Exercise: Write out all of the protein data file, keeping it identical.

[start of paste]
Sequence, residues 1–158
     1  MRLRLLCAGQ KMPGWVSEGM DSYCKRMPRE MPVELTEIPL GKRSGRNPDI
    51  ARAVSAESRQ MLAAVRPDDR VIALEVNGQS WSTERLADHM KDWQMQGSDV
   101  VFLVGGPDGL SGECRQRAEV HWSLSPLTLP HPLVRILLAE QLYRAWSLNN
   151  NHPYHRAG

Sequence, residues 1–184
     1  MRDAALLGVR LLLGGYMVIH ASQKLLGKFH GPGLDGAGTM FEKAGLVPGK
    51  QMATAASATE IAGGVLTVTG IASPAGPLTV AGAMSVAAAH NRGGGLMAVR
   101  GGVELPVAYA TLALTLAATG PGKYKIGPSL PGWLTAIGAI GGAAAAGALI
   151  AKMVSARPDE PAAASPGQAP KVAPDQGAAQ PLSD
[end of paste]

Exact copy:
Sequence, residues 1–158
     1  MRLRLLCAGQ KMPGWVSEGM DSYCKRMPRE MPVELTEIPL GKRSGRNPDI
    51  ARAVSAESRQ MLAAVRPDDR VIALEVNGQS WSTERLADHM KDWQMQGSDV
   101  VFLVGGPDGL SGECRQRAEV HWSLSPLTLP HPLVRILLAE QLYRAWSLNN
   151  NHPYHRAG

Sequence, residues 1–184
     1  MRDAALLGVR LLLGGYMVIH ASQKLLGKFH GPGLDGAGTM FEKAGLVPGK
    51  QMATAASATE IAGGVLTVTG IASPAGPLTV AGAMSVAAAH NRGGGLMAVR
   101  GGVELPVAYA TLALTLAATG PGKYKIGPSL PGWLTAIGAI GGAAAAGALI
   151  AKMVSARPDE PAAASPGQAP KVAPDQGAAQ PLSD